Lucas Matney, TechCrunch:
Apple has arranged so much of their wearable product marketing over the last few years on how their devices function in edge use cases. The Apple Watch’s last several generations have focused on health tracking features that could help identify rare conditions or help users in a life-threatening situation. TV commercials have documented the individual stories of users who have found the Apple Watch to be a life-saving tool. With AirTags, there’s potential for some of that same good, but there’s also much more downside. In the next year, we’re undoubtedly going to see examples of AirTags being used in nefarious ways that bundled together serve as the antithesis of one of these Apple Watch commercials. It may end up being a product defined by its gross shortcomings.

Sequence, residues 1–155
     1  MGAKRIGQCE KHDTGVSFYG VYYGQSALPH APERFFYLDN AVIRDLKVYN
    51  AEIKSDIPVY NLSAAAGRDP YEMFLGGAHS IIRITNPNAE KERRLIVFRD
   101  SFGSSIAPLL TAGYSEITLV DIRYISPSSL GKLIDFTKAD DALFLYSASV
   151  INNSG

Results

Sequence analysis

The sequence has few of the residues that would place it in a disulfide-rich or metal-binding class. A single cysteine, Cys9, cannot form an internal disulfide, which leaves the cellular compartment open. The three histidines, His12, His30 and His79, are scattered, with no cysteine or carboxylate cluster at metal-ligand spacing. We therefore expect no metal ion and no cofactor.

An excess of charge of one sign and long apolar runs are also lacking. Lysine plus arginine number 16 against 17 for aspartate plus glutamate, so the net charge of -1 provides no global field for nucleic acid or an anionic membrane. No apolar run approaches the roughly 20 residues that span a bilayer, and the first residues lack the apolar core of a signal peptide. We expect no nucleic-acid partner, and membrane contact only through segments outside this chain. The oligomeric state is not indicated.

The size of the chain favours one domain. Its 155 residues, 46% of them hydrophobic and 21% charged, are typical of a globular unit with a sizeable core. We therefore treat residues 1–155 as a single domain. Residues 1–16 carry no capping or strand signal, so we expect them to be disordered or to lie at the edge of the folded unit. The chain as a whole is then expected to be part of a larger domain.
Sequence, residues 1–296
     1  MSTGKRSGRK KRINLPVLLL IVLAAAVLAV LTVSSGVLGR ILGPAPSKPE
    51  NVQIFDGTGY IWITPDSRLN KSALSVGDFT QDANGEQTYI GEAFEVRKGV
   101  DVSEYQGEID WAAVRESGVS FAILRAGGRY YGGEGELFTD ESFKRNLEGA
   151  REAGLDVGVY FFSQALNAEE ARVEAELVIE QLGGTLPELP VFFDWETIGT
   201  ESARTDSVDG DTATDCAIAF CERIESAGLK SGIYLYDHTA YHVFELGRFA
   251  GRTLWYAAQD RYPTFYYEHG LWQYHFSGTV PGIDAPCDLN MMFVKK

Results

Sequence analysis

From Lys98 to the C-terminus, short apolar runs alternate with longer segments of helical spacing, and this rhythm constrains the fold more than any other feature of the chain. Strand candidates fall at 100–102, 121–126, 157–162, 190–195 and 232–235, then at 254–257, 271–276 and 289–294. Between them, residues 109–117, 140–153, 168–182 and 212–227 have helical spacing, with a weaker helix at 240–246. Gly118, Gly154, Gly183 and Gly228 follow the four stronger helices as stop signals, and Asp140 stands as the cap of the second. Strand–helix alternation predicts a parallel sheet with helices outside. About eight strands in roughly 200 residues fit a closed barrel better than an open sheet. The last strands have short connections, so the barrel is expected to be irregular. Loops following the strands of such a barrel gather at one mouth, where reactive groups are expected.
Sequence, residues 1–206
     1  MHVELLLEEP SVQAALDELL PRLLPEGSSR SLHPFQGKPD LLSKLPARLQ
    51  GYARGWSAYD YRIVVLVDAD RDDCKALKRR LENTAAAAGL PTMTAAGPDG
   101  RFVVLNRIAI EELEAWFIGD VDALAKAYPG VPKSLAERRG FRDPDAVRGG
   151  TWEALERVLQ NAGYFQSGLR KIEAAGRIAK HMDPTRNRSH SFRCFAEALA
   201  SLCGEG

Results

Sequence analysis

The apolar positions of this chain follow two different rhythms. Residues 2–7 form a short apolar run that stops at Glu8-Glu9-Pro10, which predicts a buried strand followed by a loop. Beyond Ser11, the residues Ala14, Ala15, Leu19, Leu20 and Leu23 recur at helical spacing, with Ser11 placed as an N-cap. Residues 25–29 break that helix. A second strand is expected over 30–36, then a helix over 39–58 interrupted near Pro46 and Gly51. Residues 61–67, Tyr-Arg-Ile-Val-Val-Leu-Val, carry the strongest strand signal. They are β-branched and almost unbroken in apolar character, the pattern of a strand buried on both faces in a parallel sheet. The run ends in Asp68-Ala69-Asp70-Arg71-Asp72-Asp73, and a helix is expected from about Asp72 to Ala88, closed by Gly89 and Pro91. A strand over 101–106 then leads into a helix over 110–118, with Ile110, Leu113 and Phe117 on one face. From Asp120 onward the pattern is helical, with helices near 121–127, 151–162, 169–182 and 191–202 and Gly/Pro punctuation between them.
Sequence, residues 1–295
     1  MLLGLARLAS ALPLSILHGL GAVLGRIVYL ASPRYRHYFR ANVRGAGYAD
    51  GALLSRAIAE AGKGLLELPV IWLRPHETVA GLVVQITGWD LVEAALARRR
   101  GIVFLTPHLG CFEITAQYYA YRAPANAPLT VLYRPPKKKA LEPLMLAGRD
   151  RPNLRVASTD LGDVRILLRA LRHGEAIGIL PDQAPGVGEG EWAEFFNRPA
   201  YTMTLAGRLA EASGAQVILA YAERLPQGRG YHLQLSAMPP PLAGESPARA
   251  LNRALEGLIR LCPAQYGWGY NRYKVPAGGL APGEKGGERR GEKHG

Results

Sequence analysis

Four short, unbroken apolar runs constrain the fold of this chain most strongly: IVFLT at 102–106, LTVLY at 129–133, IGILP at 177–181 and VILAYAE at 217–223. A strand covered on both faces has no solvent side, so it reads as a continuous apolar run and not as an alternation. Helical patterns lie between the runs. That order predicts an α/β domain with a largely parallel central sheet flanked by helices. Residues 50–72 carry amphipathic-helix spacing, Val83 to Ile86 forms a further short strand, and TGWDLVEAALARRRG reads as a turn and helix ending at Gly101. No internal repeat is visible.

AirTags are not a complex product. They are small location beacons — everything that makes them effective for finding lost keys or a stolen bicycle makes them pretty effective for tracking someone’s whereabouts. How does any company correct the course of a product like that? An optional app is insufficient.